Is your writing too short? Here’s how to fix that

Reading time: Less than 3 minutes

If you habitually write copy that’s shorter than you want or need, here are some tips on how to lengthen word count…

Here’s my dirty little secret about writing: I often write too short. Give me a word count of 750 words and I’ll produce 600. Ask for 2,000 and I’ll cough up 1,795.

Near as I can tell — after 36 years working as a writer and editor — the world can be divided into two categories: those who write too much and those who write too little. Is this a genetic thing, I wonder?

I received an email from someone in the “too-little” camp recently. “I have problems with trying to get enough words,” wrote Rhonda, a Master’s student in sociology.  “Do you have any suggestions you may be able to offer?” she asked. So I’ve spent the last week thinking about the strategies I use to produce more words when I have too few. Here are seven of them:

  • Know your word count before you start. I’m always amazed by writers who have only the vaguest notion of how many words they need to produce. If your boss or client won’t give you a goal, give it to yourself! Having this information is essential for planning your time and your writing strategies. (For more, also see point 7, below.)
  • Do some thinking away from your desk and computer. Sitting down is one of the world’s worst ways to try to think. Instead, go for a walk, run, swim or cycle and ponder what it is you want to write. You are not procrastinating! Your brain is very powerful but it works better when your body is moving. Investing in moving before you write will pay you big returns in the finished product.
  • Do a mindmap. Whenever I run webinars about writing I usually have participants mindmap a story they’ve already written. Why? Because I love seeing the look on their faces when they discover a new approach they could have taken with their story. Sometimes they even uncover extra information they wish they had included. Here’s the thing about mindmapping: It gives you access to your deep brain, your subconscious, your wellspring of creativity. You will get new ideas when you mindmap. This is one of the fundamental secrets to getting more words.
  • Do another mindmap. Be aware that one mindmap  sometimes isn’t enough. If your mindmap doesn’t give you the “aha” experience (as in: “now I know what I want to say”) or, at the very least, an overwhelming desire to write, then do another mindmap. This time, make sure you’ve put a question in the middle of the page. Our brains love questions and one will likely inspire you to produce better ideas. As well, if you find yourself staring vaguely into middle space while mindmapping — unsure what to write next — then simply resolve to keep your pencil moving. By this, I mean doodle. There is evidence that doodling prods our brains into thinking.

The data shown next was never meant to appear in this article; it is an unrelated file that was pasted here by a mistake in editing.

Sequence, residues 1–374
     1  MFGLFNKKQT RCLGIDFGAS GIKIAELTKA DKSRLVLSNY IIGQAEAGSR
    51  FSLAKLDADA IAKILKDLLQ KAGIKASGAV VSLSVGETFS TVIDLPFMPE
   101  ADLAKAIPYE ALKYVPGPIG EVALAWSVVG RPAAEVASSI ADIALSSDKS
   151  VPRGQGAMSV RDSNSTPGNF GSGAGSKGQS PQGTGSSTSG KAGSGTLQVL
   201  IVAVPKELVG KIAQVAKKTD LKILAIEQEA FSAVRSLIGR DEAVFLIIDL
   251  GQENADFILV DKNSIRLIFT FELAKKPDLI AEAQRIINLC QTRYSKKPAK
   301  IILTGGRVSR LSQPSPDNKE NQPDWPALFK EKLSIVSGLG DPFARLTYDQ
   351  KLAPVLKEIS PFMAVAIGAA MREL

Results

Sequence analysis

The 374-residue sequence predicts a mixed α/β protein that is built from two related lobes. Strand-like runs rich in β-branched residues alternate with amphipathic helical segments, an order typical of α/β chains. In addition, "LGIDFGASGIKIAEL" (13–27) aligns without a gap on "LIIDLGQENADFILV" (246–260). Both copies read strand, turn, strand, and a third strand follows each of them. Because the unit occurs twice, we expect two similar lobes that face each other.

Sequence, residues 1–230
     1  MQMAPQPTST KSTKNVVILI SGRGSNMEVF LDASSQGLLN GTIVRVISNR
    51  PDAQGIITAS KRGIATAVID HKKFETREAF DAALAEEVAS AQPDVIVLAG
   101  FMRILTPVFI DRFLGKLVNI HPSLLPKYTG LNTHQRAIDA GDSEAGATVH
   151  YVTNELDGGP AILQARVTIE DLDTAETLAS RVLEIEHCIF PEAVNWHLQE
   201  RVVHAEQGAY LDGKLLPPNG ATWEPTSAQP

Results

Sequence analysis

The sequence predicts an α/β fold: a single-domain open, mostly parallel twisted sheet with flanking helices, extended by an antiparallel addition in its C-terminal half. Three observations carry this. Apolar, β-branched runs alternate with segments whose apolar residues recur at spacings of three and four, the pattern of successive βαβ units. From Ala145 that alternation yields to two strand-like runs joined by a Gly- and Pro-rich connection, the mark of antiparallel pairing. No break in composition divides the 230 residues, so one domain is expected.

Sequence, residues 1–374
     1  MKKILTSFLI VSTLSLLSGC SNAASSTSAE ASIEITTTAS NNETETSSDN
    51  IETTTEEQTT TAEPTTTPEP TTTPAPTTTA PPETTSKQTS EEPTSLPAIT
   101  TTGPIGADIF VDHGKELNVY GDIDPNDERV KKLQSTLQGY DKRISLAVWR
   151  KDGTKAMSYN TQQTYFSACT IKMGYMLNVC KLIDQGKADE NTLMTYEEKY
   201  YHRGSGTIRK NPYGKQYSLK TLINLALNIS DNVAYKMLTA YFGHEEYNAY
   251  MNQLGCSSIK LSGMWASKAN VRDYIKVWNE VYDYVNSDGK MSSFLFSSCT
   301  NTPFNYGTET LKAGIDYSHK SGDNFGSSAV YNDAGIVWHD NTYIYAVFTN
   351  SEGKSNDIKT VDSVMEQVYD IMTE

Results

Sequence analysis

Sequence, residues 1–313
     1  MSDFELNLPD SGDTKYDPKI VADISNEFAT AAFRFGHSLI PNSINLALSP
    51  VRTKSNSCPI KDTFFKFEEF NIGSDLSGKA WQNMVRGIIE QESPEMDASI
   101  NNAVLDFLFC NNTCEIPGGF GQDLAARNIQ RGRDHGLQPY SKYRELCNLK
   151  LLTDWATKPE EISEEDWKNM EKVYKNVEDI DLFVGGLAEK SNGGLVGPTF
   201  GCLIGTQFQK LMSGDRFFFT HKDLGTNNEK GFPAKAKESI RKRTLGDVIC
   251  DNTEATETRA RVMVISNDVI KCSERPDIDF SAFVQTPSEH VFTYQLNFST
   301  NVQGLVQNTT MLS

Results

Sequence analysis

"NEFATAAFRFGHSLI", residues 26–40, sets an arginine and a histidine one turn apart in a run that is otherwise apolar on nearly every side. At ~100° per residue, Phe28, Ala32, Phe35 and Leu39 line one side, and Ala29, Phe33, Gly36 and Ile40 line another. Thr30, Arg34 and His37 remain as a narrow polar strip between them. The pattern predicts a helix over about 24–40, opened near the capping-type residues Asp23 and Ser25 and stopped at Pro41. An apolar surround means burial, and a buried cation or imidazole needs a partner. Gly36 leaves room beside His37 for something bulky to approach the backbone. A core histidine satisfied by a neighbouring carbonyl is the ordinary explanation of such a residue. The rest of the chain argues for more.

• Make sure you’ve conducted enough research. Your writing may be too short because you don’t have enough information to share. Don’t write too soon! Some writers feel overwhelmed by the pressure of deadlines and force themselves to start getting words on paper as soon as possible. It may make you feel better — temporarily — but this approach is often a mistake. If you don’t know what you need to say, how are you ever going to say it? Do your research first. And do enough of it.
  • Look for stories and examples. All writing needs stories and examples. They add a human element to your work and engage your readers more forcefully. (Yes, even academic writing benefits from this.) The other advantage of employing stories and examples is that they usually require a significant number of words. If you write short, get more words by deliberately increasing your story count. Here’s where to find them.
  • Assign your word count goal to each section of your mindmap. When I started this column, today, I knew I had a 750-word goal. I went for a walk then did my mindmap and came up with seven strategies. I wrote the introduction and then determined I’d need roughly 86 words per point to reach my total of 750. While I wasn’t obsessive about hitting the same number of words for each point, when I finished 150 words shy of my goal, I was able to flesh out the points that were too short.

Et voilà. My finished column is exactly 737 words.

How do you stretch out your text if what you’ve written is too short? We can all learn from each other so, please, share your thoughts with my readers and me in the “comments” section of my blog. And congratulations to Grace Goog, the winner of this month’s book prize, Becoming a Writer by Dorothea Brande for Grace’s May 27/15 comment on my blog. Anyone who comments on today’s post  (or any others) by June 30/15 will be put in a draw for a copy of The Subversive Copy Editor by Carol Fisher Saller. Please, scroll down to the comments section, directly underneath the “more from my site” links, below. 

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